The creosote is little-known bush, its scientific name is Larrea tridentata. In fact you know him, it is this bush which, dry, is tossed by the wind and that one sees turning on itself in the Hollywood westerns. This bush has a peculiarity: it contains creosote, hence its name, which is a toxic substance. And evolution has rendered him a proud service: as it grows only in the desert, this poison kills every vegetable form around it. In a context where water and nutrients are scarce, this ability to kill any competition is a valuable asset for its survival.
A plant that lives in the desert and which, to flourish, kills every form of life around it… it is the perfect metaphor for a certain type of manager that companies love… at their expense, the creosote manager.
Like the bush, the creosote manager flourishes in the desert, that is to say that one finds him in the companies that have already passed the point of breakdown of their creative capacity and entered the phase of decline. But this decline is not yet seen in the numbers, quite the contrary. They live by what has been creatively achieved in the past and try to make the most of it.
The creosote manager eliminates unnecessary dissent and chatter, focusing on operational performance. The creosote manager has no patience for nuances and hesitations – procrastination, as he or she calls it. The creosote manager demands flawless execution, as it is key to the performance of an organization that has ceased to be creative. The creosote manager knows that resources are scarce, and is careful not to waste them. He hates costs. Ideally, he would prefer death, because it costs nothing. That is why the creosote manager loves the desert: few resources, little waste, and those who waste resources die quickly. Unnecessary or unprofitable projects are thus eliminated. The creosote manager likes KPIs: “Everything that can’t be measured can’t managed,” as he repeats all the time, using the false evidences learned in business school that constitutes his thinking.
But most importantly, the creosote manager is a poison. It was Jack Welch, CEO of General Electric, who spoke about the dilemma he faced about such managers (though he did not use the expression): he explained that there were two dimensions that he took into account in the evaluation of managers: their performance and their fit with the culture of the organization. Obviously the ideal case is a performing manager that fits with the culture. Another easy case is the one who is neither performing nor in phase with the culture. The one who is in phase but not performing can be trained and encouraged.
But the one who is performing but not in phase poses a real dilemma. What to do when this performance is achieved at the expense of the rest of the organization? Welch explained that he kept agonizing over such cases: a performing manager is so useful! But in the end, he always preferred the manager in question to leave, and we can understand why. Perhaps useful in the very short term, this manager destroys the culture of the organization and ultimately the organization itself. He creates a desert around him and the results he can achieve come at a high price eventually: creative people, those with strong character and original views leave (or are pushed towards Exit), and only remain the obedient and compliant ones, the mediocre careerists and powerless too scared to lose their job. No one dares to contest a decision anymore, no one dares to say that the King is naked. Worse still, the nuanced information no longer goes back to the higher levels; there only remains the smooth presentation of a few quantitative indicators that – as we know – so rarely represent the operational reality, and easily support a lie. A culture of silence is established in which the criterion of success is obedience.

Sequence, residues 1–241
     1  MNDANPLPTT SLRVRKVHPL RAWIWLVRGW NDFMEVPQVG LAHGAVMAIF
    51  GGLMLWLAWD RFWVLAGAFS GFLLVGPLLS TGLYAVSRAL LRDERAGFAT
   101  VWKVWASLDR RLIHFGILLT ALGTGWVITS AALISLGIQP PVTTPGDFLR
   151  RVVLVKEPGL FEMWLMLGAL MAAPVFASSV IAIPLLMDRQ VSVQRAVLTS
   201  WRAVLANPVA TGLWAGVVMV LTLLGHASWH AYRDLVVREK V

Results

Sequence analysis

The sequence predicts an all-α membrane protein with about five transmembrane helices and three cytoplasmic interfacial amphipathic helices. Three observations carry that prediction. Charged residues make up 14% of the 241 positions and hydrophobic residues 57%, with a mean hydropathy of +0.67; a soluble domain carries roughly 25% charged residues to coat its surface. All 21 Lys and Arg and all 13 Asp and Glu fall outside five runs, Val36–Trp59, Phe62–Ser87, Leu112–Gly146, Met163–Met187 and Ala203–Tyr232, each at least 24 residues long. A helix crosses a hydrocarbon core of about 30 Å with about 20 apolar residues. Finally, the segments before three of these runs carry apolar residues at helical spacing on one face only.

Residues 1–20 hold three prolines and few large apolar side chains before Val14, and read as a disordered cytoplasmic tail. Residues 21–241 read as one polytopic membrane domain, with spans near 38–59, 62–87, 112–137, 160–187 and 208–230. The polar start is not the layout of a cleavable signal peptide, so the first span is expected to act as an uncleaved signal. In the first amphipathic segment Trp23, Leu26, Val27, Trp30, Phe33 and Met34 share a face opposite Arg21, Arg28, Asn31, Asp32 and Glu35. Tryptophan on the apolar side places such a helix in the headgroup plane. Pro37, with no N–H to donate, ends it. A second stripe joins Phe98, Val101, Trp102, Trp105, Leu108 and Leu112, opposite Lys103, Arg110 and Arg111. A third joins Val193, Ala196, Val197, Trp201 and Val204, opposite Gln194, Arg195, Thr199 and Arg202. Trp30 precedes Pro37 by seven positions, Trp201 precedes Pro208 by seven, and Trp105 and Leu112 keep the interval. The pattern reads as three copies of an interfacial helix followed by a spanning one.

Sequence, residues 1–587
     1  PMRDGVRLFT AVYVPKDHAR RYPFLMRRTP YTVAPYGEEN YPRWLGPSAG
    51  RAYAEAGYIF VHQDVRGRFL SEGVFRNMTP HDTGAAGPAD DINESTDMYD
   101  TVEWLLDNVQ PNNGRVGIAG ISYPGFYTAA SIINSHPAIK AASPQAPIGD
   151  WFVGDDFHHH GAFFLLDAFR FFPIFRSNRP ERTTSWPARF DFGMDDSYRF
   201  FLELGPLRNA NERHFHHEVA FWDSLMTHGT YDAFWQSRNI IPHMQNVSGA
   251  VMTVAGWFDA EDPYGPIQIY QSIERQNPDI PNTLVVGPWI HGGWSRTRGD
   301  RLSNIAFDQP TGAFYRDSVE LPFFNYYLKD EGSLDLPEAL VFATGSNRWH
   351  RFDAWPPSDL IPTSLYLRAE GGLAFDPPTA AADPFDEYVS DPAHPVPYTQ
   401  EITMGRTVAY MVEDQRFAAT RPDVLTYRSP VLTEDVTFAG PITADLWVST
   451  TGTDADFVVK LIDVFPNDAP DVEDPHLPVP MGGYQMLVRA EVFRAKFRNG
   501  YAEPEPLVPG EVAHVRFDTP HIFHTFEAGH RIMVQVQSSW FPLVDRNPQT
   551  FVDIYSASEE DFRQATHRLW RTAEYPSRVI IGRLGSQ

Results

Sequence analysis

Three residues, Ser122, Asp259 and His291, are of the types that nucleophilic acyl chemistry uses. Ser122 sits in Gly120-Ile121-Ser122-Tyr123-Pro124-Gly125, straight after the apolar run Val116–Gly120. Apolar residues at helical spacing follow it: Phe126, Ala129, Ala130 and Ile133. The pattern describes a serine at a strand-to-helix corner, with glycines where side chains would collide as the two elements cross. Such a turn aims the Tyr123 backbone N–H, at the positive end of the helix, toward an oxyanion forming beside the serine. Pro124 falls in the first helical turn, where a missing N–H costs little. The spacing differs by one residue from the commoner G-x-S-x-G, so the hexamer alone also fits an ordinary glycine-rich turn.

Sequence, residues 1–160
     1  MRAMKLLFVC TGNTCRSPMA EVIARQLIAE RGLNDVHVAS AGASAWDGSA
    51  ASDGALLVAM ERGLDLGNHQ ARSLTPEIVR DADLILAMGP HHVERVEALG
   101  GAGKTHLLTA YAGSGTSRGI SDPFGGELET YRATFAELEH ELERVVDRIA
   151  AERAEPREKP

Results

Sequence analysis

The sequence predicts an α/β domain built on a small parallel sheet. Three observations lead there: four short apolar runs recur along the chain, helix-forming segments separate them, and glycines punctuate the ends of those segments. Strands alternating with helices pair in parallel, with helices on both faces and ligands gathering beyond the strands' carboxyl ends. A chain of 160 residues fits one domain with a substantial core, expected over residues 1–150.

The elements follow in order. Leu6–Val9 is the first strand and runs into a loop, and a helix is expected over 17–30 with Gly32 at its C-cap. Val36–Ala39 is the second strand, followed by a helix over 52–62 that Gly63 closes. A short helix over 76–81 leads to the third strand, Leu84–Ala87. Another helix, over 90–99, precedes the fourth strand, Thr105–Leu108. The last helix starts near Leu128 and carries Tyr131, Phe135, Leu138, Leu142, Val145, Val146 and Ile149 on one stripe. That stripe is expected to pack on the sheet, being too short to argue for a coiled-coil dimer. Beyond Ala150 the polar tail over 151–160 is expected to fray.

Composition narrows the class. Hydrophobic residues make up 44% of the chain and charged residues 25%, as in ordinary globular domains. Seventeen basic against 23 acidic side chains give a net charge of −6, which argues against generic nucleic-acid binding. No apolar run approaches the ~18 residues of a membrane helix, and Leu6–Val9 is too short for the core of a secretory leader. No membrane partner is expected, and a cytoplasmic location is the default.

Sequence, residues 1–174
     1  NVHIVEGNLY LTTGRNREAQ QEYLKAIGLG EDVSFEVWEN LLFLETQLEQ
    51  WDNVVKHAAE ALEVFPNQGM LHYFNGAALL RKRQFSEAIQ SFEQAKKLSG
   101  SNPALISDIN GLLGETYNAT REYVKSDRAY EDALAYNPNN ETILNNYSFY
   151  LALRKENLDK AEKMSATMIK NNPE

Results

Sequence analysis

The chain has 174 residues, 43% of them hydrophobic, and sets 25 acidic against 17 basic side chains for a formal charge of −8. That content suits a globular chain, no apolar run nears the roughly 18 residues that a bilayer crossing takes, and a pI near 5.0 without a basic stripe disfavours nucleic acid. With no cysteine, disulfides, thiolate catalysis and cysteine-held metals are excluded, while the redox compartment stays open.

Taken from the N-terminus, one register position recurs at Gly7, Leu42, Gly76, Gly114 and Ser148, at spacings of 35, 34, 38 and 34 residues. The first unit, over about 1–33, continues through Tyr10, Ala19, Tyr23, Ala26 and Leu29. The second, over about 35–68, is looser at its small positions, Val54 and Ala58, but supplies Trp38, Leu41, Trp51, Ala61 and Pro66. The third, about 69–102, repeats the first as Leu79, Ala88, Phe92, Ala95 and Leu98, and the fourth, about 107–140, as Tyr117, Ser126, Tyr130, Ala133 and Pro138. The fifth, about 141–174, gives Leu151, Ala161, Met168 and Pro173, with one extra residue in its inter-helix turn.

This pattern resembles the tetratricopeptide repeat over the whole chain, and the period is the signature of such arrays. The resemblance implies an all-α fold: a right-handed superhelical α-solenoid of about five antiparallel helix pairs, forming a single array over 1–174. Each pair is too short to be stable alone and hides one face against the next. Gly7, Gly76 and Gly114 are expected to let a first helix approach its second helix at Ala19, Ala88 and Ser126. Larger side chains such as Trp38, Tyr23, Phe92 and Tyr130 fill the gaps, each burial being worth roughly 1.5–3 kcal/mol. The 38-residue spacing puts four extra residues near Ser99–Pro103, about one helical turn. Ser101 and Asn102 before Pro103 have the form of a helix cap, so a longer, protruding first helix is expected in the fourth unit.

When the company rides on the success of its dominant activity and is not threatened by a disruption, the creosote manager can make an illusion. It contributes directly to the success of the organization and its performance. He is praised for that, and criticism is silenced. But by focusing on operations, all options are forgone that could be useful in the case of a change in the environment. It sows the seeds of future failure. But that does not happen in the short run. What happens in the short run is the breakdown in creative capacity, which effects are not yet visible. When they eventually are, it will be too late. Besides, the creosote manager will be long gone by then, celebrated as a hero because of his performances. For of course the creosote manager is also a mercenary. Produce results quickly, hide problems under the carpet, and leave before the grenade explodes – that is the Creosote signature behavior. It will be left to the lifers of the organization to clean up the mess, if that is still possible.
You’ve probably met creosote managers; they’re everywhere. They populate the companies that try so hard to innovate. Faith in their power rests on a misconception of what drives an organization’s performance: a conception according to which performance is individual, whereas it is primarily collective; a conception based on “talents” that has become the obsession of HR departments who forget that talent is always contextual. The arrival of creosotes is more the symptom of intellectual decay than of strategic strength for they are a caricature of management. The real act of leadership is to get rid of them before it’s too late.